By Jim Sullivan
---- — SALISBURY — Five candidates for selectman and two for town moderator squared off at Town Hall for Candidates Night last night amidst a standing-room-only crowd.
The event, moderated by Daily News editor John Macone, gave the candidates their first public forum before the town election on April 30.
The five candidates for the two selectmen seats faced off on many different issues, many times finding common ground.
Incumbent Ed Hunt spoke of his life-long love of Salisbury as the town he has raised his children and grandchildren in and his hopes to continue to represent it.
Freeman Condon cited his previous experience as a selectman and his positions on many different public boards as why he hopes to hold the selectman position again.
Ron Laffely cited his experience as an architect working with the community many times in the past as the most relevant experience he can bring to the position.
Stating that she is the “new kid on the block,” after arriving in Salisbury from Methuen three years ago, Paula Moore cited her 30 years of managerial experience at the Internal Revenue Service as the financial experience she needs to deal with budget issues.
Tom Saab said he was running for selectman because he wants to see change in the community. Saab cited his volunteer work in Salisbury as the most important asset he brings to the table, as opposed to his business experience.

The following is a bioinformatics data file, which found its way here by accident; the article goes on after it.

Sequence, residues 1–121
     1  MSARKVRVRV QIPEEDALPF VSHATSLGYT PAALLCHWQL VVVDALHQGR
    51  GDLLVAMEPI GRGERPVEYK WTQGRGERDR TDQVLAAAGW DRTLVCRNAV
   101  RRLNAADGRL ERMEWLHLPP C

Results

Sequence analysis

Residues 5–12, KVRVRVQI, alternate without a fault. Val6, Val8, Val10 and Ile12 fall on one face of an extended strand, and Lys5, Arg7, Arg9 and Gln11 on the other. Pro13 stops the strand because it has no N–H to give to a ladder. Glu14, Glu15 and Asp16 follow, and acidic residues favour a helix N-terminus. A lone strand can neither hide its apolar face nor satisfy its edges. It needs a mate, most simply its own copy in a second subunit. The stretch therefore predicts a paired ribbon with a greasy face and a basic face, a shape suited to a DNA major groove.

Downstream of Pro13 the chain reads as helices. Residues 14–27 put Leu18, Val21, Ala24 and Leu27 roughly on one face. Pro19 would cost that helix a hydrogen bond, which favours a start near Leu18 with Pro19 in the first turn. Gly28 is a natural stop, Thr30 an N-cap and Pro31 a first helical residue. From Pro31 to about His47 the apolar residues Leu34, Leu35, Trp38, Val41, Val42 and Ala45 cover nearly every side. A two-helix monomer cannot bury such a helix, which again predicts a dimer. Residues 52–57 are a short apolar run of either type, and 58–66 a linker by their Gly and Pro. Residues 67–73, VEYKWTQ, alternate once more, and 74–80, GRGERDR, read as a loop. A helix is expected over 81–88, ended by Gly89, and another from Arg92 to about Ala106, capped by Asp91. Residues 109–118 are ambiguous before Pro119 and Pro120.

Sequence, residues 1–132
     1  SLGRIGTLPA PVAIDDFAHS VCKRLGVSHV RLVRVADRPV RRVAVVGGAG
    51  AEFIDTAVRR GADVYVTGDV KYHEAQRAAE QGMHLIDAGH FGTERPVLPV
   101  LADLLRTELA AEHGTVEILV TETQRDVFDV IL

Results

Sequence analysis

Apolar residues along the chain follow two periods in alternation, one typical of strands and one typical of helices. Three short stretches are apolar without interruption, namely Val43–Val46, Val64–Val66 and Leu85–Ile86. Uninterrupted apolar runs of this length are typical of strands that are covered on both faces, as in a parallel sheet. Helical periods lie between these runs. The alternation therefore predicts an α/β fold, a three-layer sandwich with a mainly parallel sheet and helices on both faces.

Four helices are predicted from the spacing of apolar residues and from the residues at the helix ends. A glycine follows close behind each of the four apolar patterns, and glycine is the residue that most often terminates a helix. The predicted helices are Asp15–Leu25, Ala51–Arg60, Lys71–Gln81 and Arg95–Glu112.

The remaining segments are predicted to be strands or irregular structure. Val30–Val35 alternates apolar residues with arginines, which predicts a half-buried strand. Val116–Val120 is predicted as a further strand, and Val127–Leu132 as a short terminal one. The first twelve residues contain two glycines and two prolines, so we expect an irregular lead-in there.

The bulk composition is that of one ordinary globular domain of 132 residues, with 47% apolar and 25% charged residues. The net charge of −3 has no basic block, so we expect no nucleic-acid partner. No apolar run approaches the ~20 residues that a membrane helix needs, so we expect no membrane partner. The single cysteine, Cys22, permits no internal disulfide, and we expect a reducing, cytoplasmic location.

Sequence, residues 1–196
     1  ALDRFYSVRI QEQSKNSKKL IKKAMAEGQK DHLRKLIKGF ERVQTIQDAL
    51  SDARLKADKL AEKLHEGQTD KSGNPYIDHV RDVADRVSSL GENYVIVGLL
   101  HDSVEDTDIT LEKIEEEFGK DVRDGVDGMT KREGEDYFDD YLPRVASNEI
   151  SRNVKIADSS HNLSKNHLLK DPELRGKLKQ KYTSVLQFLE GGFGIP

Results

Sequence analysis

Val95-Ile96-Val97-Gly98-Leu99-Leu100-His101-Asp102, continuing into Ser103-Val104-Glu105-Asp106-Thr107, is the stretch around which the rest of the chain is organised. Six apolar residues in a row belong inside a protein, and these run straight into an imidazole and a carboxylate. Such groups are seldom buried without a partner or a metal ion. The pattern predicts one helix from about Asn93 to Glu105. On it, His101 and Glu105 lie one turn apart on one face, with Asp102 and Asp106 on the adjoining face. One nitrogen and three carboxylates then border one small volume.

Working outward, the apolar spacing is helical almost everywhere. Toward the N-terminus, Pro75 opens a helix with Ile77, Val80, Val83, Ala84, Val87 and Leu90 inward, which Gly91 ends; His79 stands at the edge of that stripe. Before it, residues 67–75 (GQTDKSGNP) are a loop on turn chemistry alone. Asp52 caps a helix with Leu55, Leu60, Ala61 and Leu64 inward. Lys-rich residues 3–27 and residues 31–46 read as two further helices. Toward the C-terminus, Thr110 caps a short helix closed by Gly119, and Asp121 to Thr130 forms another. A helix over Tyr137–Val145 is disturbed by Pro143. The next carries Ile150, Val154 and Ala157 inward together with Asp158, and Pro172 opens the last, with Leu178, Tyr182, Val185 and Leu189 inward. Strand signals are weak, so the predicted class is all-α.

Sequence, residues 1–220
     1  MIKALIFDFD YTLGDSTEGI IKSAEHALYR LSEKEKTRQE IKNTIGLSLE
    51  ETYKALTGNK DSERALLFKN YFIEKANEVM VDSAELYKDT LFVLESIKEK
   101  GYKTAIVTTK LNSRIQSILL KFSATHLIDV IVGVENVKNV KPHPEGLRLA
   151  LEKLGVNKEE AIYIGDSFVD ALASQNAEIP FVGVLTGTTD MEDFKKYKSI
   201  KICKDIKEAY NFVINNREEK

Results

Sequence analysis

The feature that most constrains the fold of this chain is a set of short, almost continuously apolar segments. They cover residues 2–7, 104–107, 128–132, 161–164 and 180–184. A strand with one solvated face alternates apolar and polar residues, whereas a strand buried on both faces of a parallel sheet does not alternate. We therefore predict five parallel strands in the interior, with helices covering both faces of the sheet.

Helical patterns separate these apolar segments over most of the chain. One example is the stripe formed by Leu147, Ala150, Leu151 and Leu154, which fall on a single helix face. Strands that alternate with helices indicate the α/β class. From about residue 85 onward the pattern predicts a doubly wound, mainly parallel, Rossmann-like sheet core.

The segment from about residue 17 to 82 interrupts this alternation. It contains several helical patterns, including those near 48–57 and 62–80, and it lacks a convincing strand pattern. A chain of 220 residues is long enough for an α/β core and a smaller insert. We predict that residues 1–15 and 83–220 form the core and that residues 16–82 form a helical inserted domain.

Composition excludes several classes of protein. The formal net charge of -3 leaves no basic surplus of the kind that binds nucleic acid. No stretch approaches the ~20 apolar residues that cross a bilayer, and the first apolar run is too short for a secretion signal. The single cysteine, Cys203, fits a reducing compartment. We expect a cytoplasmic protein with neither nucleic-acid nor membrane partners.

When the topic of rental property regulations came up, Saab said, “A vote for Laffely is a vote for the building inspector.”
On the subject of building a new library, Moore came down on the side of a voter-approved action. Saab expressed an interest in updating the library before building a new one. Condon stated that renovating the current library would be too much work for such an old building and would like to see a new library built. Laffely said he believes a public building is a symbol of the community but that he doesn’t have enough information at the moment to make a decision, while Hunt preferred to remain neutral as well.
When asked what role does Salisbury Beach play in their vision of Salisbury, Saab said the beach is what separates Salisbury from the surrounding communities and it should be the lifeblood of the town itself. Condon said the beach is the economic engine that will drive Salisbury back to prosperity.
Having grown up on Salisbury Breach, Hunt said he can envision a boardwalk, a pier and many different attractions on the beach. Laffely grew up in Maine and said he remembers a time when Salisbury Beach was a great attraction before gambling arrived. He urged the mile-long area be developed more by the town itself to become an excellent tax base. Moore said the beach is a diamond in the rough and stated that she would like to see more shops like those in Newburyport along the beach to draw in more visitors.
Beach erosion, building a new police station and taxes were also hot topics. Moore expressed an interest in a meals tax while Saab asserted that he would like to see the Planning Board’s role diminished.
A Salisbury selectman for nine years, Jerry Klima said he decided to run for town moderator because he felt it is time for a change. Klima also said that if elected he will be more effective in doing the things he wants to do such as helping with beach projects and the rail trail.
Salisbury native Ronnie Ray-Parrott said the values she was raised with drove her to run for moderator. Both candidates cited their previous experience (for Klima as a corporate attorney and Ray-Parrott as an expert on juvenile justice in North Carolina respectively) as reasons they would be able to keep order during Town Meetings.